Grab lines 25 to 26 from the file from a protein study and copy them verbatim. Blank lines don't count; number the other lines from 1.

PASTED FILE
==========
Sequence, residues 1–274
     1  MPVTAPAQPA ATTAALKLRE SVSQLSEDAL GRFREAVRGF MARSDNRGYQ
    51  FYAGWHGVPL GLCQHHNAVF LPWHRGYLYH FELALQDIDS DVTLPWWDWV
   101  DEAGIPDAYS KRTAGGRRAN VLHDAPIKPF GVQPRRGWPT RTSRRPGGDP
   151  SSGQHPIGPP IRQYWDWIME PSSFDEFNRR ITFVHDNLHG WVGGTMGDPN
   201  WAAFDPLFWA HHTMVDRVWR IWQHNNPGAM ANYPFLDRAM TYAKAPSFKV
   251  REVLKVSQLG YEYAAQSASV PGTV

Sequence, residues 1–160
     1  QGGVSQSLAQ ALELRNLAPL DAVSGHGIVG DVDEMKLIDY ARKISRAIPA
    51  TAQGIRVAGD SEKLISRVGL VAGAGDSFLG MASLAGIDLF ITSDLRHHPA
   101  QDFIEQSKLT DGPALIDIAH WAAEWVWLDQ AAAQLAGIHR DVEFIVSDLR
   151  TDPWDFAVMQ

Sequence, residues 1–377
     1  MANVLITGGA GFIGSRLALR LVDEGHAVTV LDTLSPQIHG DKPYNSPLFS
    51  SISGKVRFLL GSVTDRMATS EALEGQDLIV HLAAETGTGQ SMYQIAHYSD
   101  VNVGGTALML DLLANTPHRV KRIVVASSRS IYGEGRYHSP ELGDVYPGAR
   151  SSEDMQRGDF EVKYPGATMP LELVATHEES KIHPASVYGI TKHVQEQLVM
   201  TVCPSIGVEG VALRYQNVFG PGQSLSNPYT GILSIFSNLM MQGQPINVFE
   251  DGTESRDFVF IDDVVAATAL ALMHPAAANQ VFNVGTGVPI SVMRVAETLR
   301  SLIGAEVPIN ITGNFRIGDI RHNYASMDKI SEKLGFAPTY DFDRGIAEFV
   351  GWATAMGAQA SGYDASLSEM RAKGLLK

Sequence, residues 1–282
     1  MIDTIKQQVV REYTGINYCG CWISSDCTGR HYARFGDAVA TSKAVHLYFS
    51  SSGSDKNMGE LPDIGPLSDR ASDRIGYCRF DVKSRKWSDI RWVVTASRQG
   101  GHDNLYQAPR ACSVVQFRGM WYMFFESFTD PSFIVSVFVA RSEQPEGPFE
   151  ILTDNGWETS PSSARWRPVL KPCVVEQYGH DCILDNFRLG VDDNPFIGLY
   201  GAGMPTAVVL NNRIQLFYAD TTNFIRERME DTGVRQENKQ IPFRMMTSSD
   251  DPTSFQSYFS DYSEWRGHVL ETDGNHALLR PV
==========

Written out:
   101  GHDNLYQAPR ACSVVQFRGM WYMFFESFTD PSFIVSVFVA RSEQPEGPFE
   151  ILTDNGWETS PSSARWRPVL KPCVVEQYGH DCILDNFRLG VDDNPFIGLY